Breeder Reactors

Even more intriguing is the possibility of actually producing more fuel than is consumed, using the so-called "breeder reactor". In this reactor, which is based on fast neutrons, more fissile material is produced through the conversion of 238U into 239Pu than is consumed through fission (Fig. 8.19). As fast neutrons are desired, no moderator is necessary in this type of reactor. Because it does not appreciably slow down neutrons and is an excellent heat-transfer material, liquid sodium is typically used as the coolant. Several fast breeder reactors have been constructed over the years in a number of countries. The best known are France's "Phénix" and "Superphénix" reactors. Phénix is an experimental reactor with a power capacity of 250 MW. Its successor, Superphénix, was a commercial-scale reactor that was connected to the grid and had a capacity of 1300 MW, but it was closed down in 1997, after some technical problems, but mainly for administrative and political concerns [80]. In Russia, Japan and India, breeder reactors are well under development with several units under construction. The United States, which pioneered this field with the construction of the first breeder reactor in 1951 at the Argonne National Laboratory [81], is now reconsidering this technology for future power plants. In fact, the United States initiated in 2000 the Generation IV International Forum (GIF) with nine other countries aimed at determining and developing the most promising generation IV reactor designs that can provide future worldwide needs for electricity, and also produce hydrogen and other products. Among the six selected systems, three are fast-neutron reactors which are all operated in a close fuel cycle, meaning that the fuel is recycled [79].

an electron is ejected while a neutron is transformed into a proton ((3" radiation)

an electron is ejected while a neutron is transformed into a proton ((3" radiation)

Half-life: 24 min Half-life: 2 days

Figure 8.19 Uranium 238 fertilization by neutron capture.

Half-life: 24 min Half-life: 2 days

Figure 8.19 Uranium 238 fertilization by neutron capture.

About 4.6 million tonnes of proven uranium reserves are estimated to be exploitable at costs below $130 kg-1. At a current worldwide demand of 60000 t per year, this represents about 75 years of consumption. Based on geological surveys, potential resources exploitable at a cost of $130 kg-1 uranium are estimated at an equivalent of 280 years of consumption [82]. With present low prices of around $20-30 kg-1 and still considerable reserves, there is nevertheless little incentive to open new mines or to start explorations in the quest of uranium. However, if nuclear power were to supply a much larger part of our energy demand, in the long term the transition to breeder reactors is necessary. All the uranium could then be used as fuel, and not only the 0.7% of 235U contained in natural uranium, multiplying the reserves by a factor of roughly 100 and fulfilling our energy needs for a least thousand years. Eventually, the 4 billion tonnes of uranium contained in the oceans in the form of carbonates could also be exploited. Although very dilute (3-4 mg m-3) and with an estimated extraction price of up to $1000 kg-1, it could become a viable source because the cost of uranium is only a minor component of the price of electricity generated by breeder reactors. This would leave us with an almost unlimited source of energy [83].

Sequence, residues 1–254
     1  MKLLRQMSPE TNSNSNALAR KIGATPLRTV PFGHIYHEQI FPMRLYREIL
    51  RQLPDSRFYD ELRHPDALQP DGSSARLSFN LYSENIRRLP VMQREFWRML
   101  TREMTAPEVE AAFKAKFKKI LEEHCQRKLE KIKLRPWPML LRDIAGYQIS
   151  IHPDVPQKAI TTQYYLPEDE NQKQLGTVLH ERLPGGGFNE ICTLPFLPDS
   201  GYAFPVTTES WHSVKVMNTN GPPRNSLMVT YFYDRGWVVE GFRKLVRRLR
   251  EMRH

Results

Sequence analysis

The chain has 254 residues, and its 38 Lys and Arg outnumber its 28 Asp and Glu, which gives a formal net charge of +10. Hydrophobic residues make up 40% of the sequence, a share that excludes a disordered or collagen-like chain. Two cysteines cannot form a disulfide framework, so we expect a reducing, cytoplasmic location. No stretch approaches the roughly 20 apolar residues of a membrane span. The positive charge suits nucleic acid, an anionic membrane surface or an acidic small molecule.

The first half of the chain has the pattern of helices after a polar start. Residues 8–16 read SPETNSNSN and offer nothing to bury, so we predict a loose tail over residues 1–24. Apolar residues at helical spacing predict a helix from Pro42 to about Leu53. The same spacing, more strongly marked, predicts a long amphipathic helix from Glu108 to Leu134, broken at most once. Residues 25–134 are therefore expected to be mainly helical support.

Besides 238U, another "fertile" isotope which is susceptible to be transformed into fissionable atoms exists in nature, namely thorium 232 (232Th). Almost 30 isotopes of thorium are known, but only 232Th (which has a half-life of 14 billion years) is present naturally. When bombarded with neutrons, 232Th becomes 233Th, which eventually decays to

233U. 233U

is a fissionable material with similar properties to 235U, and can be used as nuclear fuel. Thorium is considered to be about three times more abundant than uranium, and so the potential energy available from its exploitation is therefore tremendous. The use of thorium for electricity generation has been studied and successfully demonstrated in several reactor prototypes, including the high-temperature gas-cooled reactor (HTGR) and the molten salt reactor (MSR). The MSR was first considered by the United States in the early 1950s for aircraft propulsion. Using a 232Th-233U fuel cycle, MSR is now one of the six systems selected by the Generation IV International Forum on future nuclear reactors. Countries such as India, with limited deposits of uranium but large thorium resources, are particularly interested in such a technology. The use of thorium fuels, compared to uranium fuels, also produce much less plutonium and other actinides, so that induced radiotoxicity is considerably reduced. This is due to the fact that 232Th has two protons and four neutrons less than 238U, which makes it less probable for 232Th through a succession of neutron captures to be transformed into long-lived toxic transuranic actinides such as neptunium, americium, curium, or plutonium. From the viewpoint of decreased nuclear waste production, the thorium-based fuel cycle is thus more desirable.

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